• DragonBox Elements – This app is the newer one from WeWantToKnow, and Ashar FLEW through the geometric concepts in it. Much like DragonBox Algebra, the point here is conceptual math, which is awesome.
  • Get the Math – Dude. Rap/hip-hop style music videos showing how algebra is used in music, a video-game designer sharing how she uses math to create games, and more. Seriously cool.
  • A Charlotte Mason approach to math: Living Math – This article in Homeschool magazine is by my friend Jimmie of Jimmie’s Collage, and it’s a great example of how living math happens at all levels
  • Pinterest: Unschooling math – I contribute to this group board along with Aadel of These Temporary Tents and our fellow unschooling friend Mariellen. Great stuff for all ages!
  • Pinterest: Unschooling high school science and math – This is a board I started this year (with contributions from my friend Karen of Homeschool Girls) to try to compile specific higher-level real world resources and conversation-starters.
  • The Life of Fred book series – I’ve talked about this series often. It’s a math textbook series – sort of. It’s a story about a 5-year-old math genius named Fred, and instead of tons of exercises, it tells stories about how Fred encounters everything from arithmetic to calculus in the real world. Ashar likes reading the stories, and we highly recommend it. While this is described as a Christian series, we are a secular homeschooling family and haven’t had any problems using the fairly few spiritual references we’ve found as talking points about what different people believe, which we like to do anyway.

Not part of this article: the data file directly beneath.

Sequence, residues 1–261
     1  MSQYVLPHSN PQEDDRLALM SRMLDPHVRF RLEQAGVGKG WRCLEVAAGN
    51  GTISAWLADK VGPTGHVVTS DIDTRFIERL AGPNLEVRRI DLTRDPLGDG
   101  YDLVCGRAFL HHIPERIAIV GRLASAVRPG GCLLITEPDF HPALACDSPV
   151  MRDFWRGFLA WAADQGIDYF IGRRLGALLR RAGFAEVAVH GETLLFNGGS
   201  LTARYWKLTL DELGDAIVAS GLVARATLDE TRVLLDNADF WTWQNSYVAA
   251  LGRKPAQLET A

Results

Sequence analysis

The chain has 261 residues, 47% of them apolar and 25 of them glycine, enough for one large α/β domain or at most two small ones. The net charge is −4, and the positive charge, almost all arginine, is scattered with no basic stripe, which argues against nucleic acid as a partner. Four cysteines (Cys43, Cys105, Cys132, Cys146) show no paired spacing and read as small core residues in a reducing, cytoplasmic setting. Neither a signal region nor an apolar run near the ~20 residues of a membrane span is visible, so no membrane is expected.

• Digital currency: Video games for math – This post focuses mainly on games Ashar played when she was a little younger, but it poses some questions to help you think more expansively about how math appears in your family’s favorite games.

Bringing homeschool subjects to life

This post is part of a series through the iHomeschool Network about bringing homeschool subjects to life. Click the image below to see how my blog friends bring their favorite subjects to life, from history to art to nature study and more!

Bringing Math to Life - iHomeschool Network linkup

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6 thoughts on “Real world high school math: Learning algebra and geometry from life

  1. We use text books for our math curriculum, but I look for real world examples to support each lesson. As my daughter entered the realm of algebra and geometry, I panicked and thought that the days of real life math would be over, but I just had to think about math differently. It’s not just about memorizing equations. That’s boring. Math is about understanding relationships between numbers and problem solving. Thanks for the great resources. I’ll be needing them!

  2. Two of my three children has dycalculia, but the Life of Fred books allow them to glean concepts, even if they can’t make the numbers behave in their minds. It has helped them to see numbers in the “real world,” which makes them much less stressed about learning math, and they learn concepts they didn’t think they could!

    • Holli, isn’t that the coolest thing about those? I find I get more out of the “conceptual” stuff myself with Fred.

  3. We’re a “relaxed homeschooling” family, gradually moving in a more unschooling direction. One of my big “aha!” moments recently around math was the realization that if it isn’t something we are actively using in our lives…it isn’t something we’re actively using in our lives I know, way to state the obvious, right? But it had never quite “clicked” with me before that any math that really is used in the real world by the average person will show up in lifestyle ways for us and, consequently, if it doesn’t, it isn’t in the category of “math that really is used in the real world by the average person.” Or, put another way, the very ability or inability to learn it without having to turn to formal, structured education IS the dividing line between what is and isn’t essential for normal adult life.